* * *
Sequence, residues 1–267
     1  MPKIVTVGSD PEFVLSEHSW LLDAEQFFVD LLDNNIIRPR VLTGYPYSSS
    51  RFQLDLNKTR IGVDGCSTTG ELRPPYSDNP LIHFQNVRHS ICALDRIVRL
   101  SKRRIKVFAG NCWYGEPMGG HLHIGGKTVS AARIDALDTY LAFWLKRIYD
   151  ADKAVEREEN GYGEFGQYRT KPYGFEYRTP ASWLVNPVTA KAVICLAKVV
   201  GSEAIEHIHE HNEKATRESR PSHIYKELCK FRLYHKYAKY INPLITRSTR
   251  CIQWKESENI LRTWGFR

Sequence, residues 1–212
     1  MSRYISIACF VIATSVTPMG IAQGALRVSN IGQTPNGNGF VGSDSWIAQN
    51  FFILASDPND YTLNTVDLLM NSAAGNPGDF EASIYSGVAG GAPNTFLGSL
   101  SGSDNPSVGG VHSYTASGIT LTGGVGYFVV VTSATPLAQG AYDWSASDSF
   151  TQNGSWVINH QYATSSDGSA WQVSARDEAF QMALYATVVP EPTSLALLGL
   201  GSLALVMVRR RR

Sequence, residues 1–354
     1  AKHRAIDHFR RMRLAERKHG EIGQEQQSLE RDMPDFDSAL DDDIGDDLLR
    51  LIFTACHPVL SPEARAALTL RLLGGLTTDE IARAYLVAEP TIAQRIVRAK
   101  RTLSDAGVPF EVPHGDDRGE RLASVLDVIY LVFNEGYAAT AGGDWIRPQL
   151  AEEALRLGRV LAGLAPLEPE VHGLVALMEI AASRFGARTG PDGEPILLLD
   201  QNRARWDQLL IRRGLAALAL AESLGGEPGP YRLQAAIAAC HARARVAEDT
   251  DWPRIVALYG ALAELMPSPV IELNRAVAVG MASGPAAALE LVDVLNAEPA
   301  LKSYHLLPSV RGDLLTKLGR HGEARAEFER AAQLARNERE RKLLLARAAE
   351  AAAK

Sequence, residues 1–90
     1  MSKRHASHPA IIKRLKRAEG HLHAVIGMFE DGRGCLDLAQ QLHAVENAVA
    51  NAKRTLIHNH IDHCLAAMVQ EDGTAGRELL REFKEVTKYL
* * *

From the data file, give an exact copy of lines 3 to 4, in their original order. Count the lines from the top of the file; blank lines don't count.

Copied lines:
    51  RFQLDLNKTR IGVDGCSTTG ELRPPYSDNP LIHFQNVRHS ICALDRIVRL
   101  SKRRIKVFAG NCWYGEPMGG HLHIGGKTVS AARIDALDTY LAFWLKRIYD